Let’s face it, with the advent of the smartphone, photographers and videographers have been able to rely on their mobile device for a lot of things that they would otherwise need a special piece of equipment for. From an external recorder to even the camera itself, mobile filmmaking is really changing the way we look at capturing that all important image. You can even use your mobile device as a light meter. And here’s how.
First off, there are dozens of light meter apps available with which, harnessing the power of your mobile device’s camera, you can measure the amount of light falling on your subject. Chief on this list is Pocket Light Meter, a free app that is your basic app for measuring light that can both fall on and reflect off your subject. But it also has a few other cool features, including spot metering and a hold function that allows you to lock-in the settings so that you can walk back to your camera to input them. Then you can release and measure again. Or, you can select the LOG function and it will save a screen grab of the image you took the measurement on, along with the settings for future reference. Not bad for a free app.
Similar in function is Photometer. Although it’s not free, it is only .99, and it comes with two different looks with which to dial in your meter. First is Modern Mode, which enables you to view the image you’re getting your meter on plus sliders to adjust the aperture and shutter speed. But if you’re a more classic kind of a shooter they have a skin that enables you to rotate the virtual dials to make those adjustments. It’s like turning your iPhone into an old school Sekonic.
Speaking of old school dials, Photometer Pro, for .99, gives you every professional feature plus a sensitive needle meter display that moves much like the real deal. Photometer Pro can measure reflective, incidence, exposure compensation, and even a timer that allows you to set exposure times down to 1/1000 of a second.
On the Android side of things, there’s Lightmeter Free, which offers incident light metering and reflected light metering. Pretty basic, but hey, it’s free. There are plenty of others, including Lumu Light. So look in your app store and pick the one that works for you.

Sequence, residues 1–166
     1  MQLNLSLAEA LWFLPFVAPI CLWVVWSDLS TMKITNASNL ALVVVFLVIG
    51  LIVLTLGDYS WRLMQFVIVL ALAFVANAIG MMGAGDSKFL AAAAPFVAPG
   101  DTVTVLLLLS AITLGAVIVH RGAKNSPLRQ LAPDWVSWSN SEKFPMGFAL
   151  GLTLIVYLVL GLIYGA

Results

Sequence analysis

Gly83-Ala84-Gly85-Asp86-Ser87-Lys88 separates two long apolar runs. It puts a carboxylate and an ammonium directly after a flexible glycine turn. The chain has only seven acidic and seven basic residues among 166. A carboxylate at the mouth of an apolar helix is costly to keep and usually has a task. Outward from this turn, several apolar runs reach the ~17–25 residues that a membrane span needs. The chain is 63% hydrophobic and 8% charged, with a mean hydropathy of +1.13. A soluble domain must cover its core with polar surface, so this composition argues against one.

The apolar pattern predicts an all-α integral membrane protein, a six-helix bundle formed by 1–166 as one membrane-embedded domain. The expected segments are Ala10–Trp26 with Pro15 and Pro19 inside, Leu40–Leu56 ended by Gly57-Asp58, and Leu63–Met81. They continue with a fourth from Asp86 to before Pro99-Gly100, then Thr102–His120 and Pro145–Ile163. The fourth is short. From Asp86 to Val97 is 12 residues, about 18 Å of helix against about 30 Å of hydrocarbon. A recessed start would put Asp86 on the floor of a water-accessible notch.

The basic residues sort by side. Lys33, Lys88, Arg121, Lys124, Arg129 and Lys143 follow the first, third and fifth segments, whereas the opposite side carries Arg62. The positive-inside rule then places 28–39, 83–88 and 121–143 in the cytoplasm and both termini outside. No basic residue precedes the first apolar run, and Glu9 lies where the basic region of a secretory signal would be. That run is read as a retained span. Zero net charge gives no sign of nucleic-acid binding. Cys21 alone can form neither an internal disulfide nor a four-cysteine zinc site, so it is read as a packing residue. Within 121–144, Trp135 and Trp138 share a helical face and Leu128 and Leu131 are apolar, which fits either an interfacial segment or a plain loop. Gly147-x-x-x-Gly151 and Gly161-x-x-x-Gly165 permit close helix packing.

But just because you have the software covered doesn’t mean you can just measure your light and set your dials. That’s only half the solution. On the hardware side, you need an opaque measurement tool to diffuse the light as it’s exposed to the phone’s camera to get an accurate, ambient reading. There are ways to do this, one electronic and one physical. I’ll start with the physical option first.
Started as a Kickstarter project, Luxi for All is a really cool device that goes on your keychain and when you need it, you take it off and slip it over your phone’s camera to get the diffused readings you need. It also comes with its own app to designed to use Luxi to it’s fullest. The nice thing about Luxi for All is that it can be used for both Android and iPhone, or even Windows Phones, and even a tablet. Cost is $29.95, but you can get the original Luxi for $9.95 if you’re planning on repurposing an old iPhone 5 or iPhone 4.
Second is the digital option. Lumu Light plugs into your headphone jack, (if you have one left) which converts the light data from its digital silicone photodiode and hemispherical diffuser into an audio digital signal that the Lumu app can read and translate into shutter speed and aperture settings. Cost is $59.99. And if that sounds cheap it's because, while you can still buy it, it's no longer being actively developed and so the likes of B&H are heavily discounting it. Its replacement is the Lumu Power, billed as an all-singing, all-dancing, light, exposure, flash and color temperature meter for iPhone which should ship this month for $299 after the obligatory crowdfunding cycle.
But in today’s 3D printed era, I’m working on a roll-your-own solution that includes a sliced up mini ping pong (you know, the ones that you can use to play beer pong?) which will then go into its own housing and perform the same option for pennies. I’ll let you know how it fares when I print it up.
The point is, your mobile device can do just about anything, so why not use that power and lighten your camera bag a little?